Okay, I've been a Marvel girl since I first started reading Spider-Man at the age of 7, but I've never read their Thor comics. So I couldn't say whether the film stays true to the comic mythology, but we could argue for days on whether comics stay true to their mythology, so.... Back to the movie, if you go in putting aside any preconceptions of mythology - comic or Norse - & set yourself to watch a comic book action flick, you'll have a grand old time!
Inspired by a graphic novel series, Priest tells the story of a post-apocalyptic world where the church rules society with an iron fist. The priests are chosen by their God-given skills, which may manifest in childhood or later in life, to fight evil in all its forms, but more specifically in the form of vampires who are terrorizing the human population. One priest disobeys orders from the council of cardinals to go & rescue his niece who has been captured by a tribe of vampires.
Yes, the plot was predictable. Yes, the acting was on par with the plot. But man, the costumes, the sets, the effects, the concept...oh, I enjoyed this movie! It was cool to see Paul Bettany playing the action hero & the unattainable love interest for once, instead of the goofy/nerdy sidekick he usually is. It was hilariously funny to us True Blood fans to see Stephen Moyer playing a human victim (he's the Vampire King on the HBO series). The downsides to Priest were: it was only released in 3D in our area - & it wasn't filmed in 3D - & the movie itself is so dark that it was actually hard to see any detail through the after-market 3D conversion, & it is apparently only inspired by the graphic novel series, the plot of the movie has nothing to do with the comic books. Bummer, I liked the film so much, I would have bought the comics.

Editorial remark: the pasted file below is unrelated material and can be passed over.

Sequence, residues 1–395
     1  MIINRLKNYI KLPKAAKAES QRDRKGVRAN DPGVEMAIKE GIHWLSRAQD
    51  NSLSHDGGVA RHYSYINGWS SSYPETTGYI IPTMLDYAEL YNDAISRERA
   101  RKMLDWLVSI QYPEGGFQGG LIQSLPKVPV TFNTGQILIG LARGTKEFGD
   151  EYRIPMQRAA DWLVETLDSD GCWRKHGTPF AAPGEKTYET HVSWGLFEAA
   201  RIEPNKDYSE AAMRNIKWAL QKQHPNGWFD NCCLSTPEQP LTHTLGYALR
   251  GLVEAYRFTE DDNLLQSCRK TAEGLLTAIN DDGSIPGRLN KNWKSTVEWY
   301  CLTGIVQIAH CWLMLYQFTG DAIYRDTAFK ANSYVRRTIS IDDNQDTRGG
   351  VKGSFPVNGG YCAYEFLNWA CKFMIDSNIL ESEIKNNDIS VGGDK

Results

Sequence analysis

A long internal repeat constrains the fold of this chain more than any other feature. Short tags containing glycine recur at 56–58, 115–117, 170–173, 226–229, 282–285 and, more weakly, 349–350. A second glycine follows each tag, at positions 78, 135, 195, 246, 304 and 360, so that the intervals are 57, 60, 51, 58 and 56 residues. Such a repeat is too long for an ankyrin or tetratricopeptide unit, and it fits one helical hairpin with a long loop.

Pirates of the Caribbean: On Stranger Tides
Captain Jack Sparrow & his rival Captain Barbosa are on a quest to find the fountain of youth. Jack has the map, & the compass which points to what you want most. Additionally, his ex, Angelica, knows what is needed to complete the ritual to activate the fountain. But she has a chip on her shoulder and an ulterior motive that even Jack doesn't know about. And then there's the British army to worry about.
Sure, some of the jokes are getting a little stale. A lot of the plot seems recycled from the other films. But Johnny & Geoffrey Rush are so good!
X-Men: First Class
This is the origin story of how Charles Xavier and Eric Magnus became Professor X and Magneto, how their backgrounds shaped their decisions, and how their friendship bound & eventually separated them. Potentially a brilliant reboot of the franchise with reintroductions of many integral Marvel characters.